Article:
The clinical diagnosis of pneumococcal bacteremia is a challenge for physicians in ambulatory care settings. Many cases are "occult" and lack characteristic or pathognomonic signs.1,2 A previous report3 has suggested that oral lesions may be associated with Streptococcus pneumoniae bacteremia. This communication reports a case in which a similar gingival lesion was observed in an infant with pneumococcal bacteremia.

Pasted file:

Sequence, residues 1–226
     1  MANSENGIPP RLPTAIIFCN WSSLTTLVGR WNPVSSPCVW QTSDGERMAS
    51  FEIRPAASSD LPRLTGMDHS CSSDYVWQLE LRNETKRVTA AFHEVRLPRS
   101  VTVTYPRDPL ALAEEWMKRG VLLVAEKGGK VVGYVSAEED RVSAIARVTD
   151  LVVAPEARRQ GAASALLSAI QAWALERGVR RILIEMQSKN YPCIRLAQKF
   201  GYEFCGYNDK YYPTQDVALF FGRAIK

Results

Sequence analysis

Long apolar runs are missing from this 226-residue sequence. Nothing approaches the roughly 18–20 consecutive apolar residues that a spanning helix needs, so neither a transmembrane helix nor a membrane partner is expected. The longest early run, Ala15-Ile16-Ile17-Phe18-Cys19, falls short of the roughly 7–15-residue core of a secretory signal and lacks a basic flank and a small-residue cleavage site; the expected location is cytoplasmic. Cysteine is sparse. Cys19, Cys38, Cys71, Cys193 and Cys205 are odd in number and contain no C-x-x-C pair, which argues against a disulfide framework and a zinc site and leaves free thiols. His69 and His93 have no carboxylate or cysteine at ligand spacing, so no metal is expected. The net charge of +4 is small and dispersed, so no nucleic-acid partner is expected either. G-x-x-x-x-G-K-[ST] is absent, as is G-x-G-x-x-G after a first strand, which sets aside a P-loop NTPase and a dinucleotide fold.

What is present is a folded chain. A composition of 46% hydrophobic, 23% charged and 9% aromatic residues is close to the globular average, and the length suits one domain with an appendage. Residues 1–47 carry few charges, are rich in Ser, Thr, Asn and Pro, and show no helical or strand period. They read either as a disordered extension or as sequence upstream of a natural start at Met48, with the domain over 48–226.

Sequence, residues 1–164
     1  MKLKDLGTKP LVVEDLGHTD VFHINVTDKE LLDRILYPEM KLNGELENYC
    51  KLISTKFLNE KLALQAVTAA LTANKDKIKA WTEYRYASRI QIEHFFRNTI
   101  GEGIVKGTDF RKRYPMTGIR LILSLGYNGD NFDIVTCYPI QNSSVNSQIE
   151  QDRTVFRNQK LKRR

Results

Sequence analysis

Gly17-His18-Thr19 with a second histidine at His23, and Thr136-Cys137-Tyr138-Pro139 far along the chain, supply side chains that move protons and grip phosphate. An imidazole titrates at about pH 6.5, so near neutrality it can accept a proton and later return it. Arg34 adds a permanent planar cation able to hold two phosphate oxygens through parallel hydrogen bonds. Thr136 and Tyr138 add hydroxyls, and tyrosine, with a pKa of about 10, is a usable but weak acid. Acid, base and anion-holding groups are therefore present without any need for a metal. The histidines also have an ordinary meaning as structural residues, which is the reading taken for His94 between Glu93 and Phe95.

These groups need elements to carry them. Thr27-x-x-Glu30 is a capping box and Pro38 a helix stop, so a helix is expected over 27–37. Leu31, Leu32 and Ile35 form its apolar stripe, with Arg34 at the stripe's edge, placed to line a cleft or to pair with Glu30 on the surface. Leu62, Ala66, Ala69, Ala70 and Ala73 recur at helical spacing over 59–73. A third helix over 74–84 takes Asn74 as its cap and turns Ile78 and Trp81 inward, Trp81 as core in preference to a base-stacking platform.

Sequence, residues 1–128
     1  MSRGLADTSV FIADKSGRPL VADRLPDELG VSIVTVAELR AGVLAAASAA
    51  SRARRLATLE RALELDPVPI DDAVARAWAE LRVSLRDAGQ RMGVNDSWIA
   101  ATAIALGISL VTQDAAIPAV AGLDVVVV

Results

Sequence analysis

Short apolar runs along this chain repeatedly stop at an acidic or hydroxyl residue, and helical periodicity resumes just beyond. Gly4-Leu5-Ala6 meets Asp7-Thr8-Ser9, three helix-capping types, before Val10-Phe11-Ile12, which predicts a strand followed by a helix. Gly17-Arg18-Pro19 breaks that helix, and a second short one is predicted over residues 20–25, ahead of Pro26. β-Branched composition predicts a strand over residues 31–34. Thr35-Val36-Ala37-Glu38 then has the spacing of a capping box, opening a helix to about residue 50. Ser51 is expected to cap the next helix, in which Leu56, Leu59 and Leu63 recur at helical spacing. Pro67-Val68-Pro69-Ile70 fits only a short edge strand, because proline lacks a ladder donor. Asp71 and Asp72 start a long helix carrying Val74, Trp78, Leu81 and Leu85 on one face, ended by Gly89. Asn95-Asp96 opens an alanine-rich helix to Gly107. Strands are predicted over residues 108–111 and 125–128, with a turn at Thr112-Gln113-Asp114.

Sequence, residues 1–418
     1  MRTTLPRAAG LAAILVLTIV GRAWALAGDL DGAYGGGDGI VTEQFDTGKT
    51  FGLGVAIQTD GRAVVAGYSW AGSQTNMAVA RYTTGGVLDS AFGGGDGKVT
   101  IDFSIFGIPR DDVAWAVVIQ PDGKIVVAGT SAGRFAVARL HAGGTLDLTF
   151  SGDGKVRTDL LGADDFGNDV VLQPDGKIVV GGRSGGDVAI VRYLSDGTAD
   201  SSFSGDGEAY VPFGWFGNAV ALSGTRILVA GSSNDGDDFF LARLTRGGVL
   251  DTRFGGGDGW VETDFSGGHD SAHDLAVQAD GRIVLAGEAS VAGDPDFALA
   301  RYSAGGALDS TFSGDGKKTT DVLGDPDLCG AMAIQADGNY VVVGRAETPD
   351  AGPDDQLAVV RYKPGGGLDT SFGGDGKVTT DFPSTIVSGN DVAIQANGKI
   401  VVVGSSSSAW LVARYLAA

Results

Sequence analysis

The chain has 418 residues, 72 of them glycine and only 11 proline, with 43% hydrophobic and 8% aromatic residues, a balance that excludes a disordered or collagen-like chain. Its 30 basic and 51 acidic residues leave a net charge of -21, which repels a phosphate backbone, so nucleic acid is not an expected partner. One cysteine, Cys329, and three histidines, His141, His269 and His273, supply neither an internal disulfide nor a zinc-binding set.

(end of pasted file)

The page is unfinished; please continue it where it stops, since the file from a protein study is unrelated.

Report of a Case.—A previously healthy 7-month-old male infant had fever, irritability, and a swollen right cheek develop during the eight hours prior to admission. On the morning of admission, his mother noted swelling of the right maxillary gingiva. On admission, the rectal temperature was 40.3 °C. There was a cystic, pinkish, nontender, 2 × 1-cm mass on the posterior right maxillary gingiva. No gingival defect was seen. Both mandibular central incisors were erupted, but there were no other erupting teeth. The right cheek was erythematous, indurated, and